During the Univision-Washington Post Democratic presidential debate in Miami, Bernie Sanders highlighted the bleak economic prospects of minority youths.
"One of the points that I've been making, and media does not seem to pick up on it, is that we have a real crisis not only with real unemployment in America being close to 10 percent, but youth unemployment in this country," Sanders said. "If you look at Latino kids between 17 and 20 who graduated high school, 36 percent of them are unemployed or underemployed. … African-American kids are unemployed or underemployed to the tune of 51 percent."
We checked a nearly identical statement by Sanders back in July 2015, when Sanders mentioned it at a campaign event in Portland, Maine. We rated it Mostly True. Now, eight months later, we’ll revisit it.
We’ll start by noting that the most commonly used unemployment-rate statistic is not as high for each group as Sanders indicated. The most readily available data from the Bureau of Labor Statistics covers the age range from 16 to 19, which isn’t identical but gives a quick approximation.
For whites in that age range, the official unemployment rate in February 2016 was 13.9 percent, for Hispanics it was 15.6 percent and for African-Americans it was 23.3 percent.
In other words, the official unemployment rate shows that African-American youth unemployment is significantly higher than white youth unemployment and, to a lesser extent, higher than Hispanic youth unemployment. Still, the levels for each group are lower than what Sanders said.
So what’s going on?
Sanders’ camp pointed us to research published in June 2015 by the Economic Policy Institute, a left-of-center think tank. The numbers in the report match what Sanders said at the debate.
This data is different from the more familiar measurements for a few reasons.
One, the institute didn’t just look at employment status for people between the ages of 17 and 20; it limited its reach to high school graduates who were not enrolled in further schooling.
And two, EPI counted not only unemployed workers but also those who were working part-time due to the weakness of the economy and those who were "marginally attached to the labor force." The latter category includes people who did not meet the strict definition of being in the job market, but weren’t entirely out of the market, either.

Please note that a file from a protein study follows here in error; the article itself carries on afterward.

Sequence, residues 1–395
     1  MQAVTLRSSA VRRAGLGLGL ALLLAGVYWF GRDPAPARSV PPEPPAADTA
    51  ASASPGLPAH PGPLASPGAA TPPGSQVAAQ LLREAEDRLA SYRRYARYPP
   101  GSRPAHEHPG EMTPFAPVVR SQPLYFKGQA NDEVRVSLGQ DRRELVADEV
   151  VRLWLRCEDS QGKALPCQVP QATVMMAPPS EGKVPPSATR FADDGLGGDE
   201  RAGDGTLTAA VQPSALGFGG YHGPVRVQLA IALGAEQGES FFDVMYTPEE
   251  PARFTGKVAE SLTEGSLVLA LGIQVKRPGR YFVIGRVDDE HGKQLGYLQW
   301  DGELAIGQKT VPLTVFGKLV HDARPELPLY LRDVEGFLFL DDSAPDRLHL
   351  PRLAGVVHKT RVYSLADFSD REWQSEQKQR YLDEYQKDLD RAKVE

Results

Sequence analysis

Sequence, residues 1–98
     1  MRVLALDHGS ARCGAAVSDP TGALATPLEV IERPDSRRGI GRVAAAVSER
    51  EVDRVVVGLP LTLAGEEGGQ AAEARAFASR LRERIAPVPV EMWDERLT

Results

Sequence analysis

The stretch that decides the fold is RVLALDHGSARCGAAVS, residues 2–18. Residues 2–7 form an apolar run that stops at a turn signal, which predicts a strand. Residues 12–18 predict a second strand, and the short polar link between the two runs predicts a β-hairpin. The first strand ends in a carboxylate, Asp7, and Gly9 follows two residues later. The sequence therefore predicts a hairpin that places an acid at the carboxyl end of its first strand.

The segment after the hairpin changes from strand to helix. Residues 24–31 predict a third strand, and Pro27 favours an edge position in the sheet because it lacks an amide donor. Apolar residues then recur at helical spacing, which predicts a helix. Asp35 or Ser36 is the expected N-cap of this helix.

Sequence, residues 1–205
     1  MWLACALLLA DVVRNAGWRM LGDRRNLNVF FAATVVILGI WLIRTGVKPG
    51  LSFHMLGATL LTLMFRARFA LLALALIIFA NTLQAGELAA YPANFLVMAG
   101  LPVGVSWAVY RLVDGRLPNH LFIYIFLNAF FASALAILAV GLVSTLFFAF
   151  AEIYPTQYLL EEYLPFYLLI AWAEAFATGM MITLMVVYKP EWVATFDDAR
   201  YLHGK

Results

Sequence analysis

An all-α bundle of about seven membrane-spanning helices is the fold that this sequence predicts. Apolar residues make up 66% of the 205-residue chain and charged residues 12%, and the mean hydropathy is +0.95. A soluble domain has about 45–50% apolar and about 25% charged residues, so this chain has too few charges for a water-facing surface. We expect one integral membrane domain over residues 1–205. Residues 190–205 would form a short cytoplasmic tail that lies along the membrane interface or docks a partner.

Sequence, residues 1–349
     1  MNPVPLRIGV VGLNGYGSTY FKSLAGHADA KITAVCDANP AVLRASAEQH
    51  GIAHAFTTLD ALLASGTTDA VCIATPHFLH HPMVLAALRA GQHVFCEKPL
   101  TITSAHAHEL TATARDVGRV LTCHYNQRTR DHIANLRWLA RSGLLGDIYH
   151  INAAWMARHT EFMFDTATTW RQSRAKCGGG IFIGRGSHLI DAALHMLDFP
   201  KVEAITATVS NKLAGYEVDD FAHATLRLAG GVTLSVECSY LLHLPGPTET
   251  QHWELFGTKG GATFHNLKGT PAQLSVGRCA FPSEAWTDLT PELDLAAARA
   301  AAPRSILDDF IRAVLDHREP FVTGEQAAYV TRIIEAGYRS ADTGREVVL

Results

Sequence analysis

The statistic EPI used, known by the wonky shorthand U-6, is officially called a measure of "labor underutilization" rather than "unemployment." EPI itself used the term "underemployment" in its research.
At the Miami debate, Sanders described this statistic accurately, referring to individuals who are "unemployed or underemployed." So his statement has merit.
However, the data is getting a little stale, and since the employment picture has generally been improving since the middle of last year, that’s a potential problem for the accuracy of Sanders’ statement.
The last month analyzed in the EPI study was March 2015. We don’t know exactly how much improvement there’s been for young, minority, high school graduates since then, because that specific slice of the data isn’t readily available on the Bureau of Labor Statistics website. But we can do a quick estimate based on the change in unemployment rates for 16-to-19-year-old Hispanics and African-Americans between March 2015 and February 2016.
During that period -- since the EPI report came out -- the unemployment rate for young Hispanics fell from 20.9 percent to 15.6 percent, and for young African-Americans, it fell from 25.1 percent to 23.3 percent.
In other words, it’s quite possible that the unemployment rates for young, minority, high-school grads is lower now than what Sanders stated.
We should caution that the unemployment rate for subsets of the population, such as minority groups, tends to be volatile and has a larger margin of error than for the population as a whole.
Still, the unemployment rates for these groups do seem to be lower in more recent months.
During 2015, the black youth unemployment rate often reached or exceeded 30 percent, making the current rate of 23.3 percent particularly low -- the lowest since 2000, in fact. Similarly, in 2015, the Hispanic youth unemployment rate often reached or exceeded 20 percent, a level well above the current 15.6 percent rate.
Sanders said that "if you look at Latino kids between 17 and 20 who graduated high school, 36 percent of them are unemployed or underemployed. … African-American kids are unemployed or underemployed to the tune of 51 percent."
As was the case when we first reviewed this claim last July, Sanders’ general point is correct -- that in an apples-to-apples comparison, African-American and Hispanic youth have significantly worse prospects in the job market than whites do.
But while Sanders had support for this data when he first began using these numbers eight months ago, there’s reason to believe that the improving job market has lowered these rates, at least somewhat. The statement is accurate but needs clarification or additional information, so we rate it Mostly True.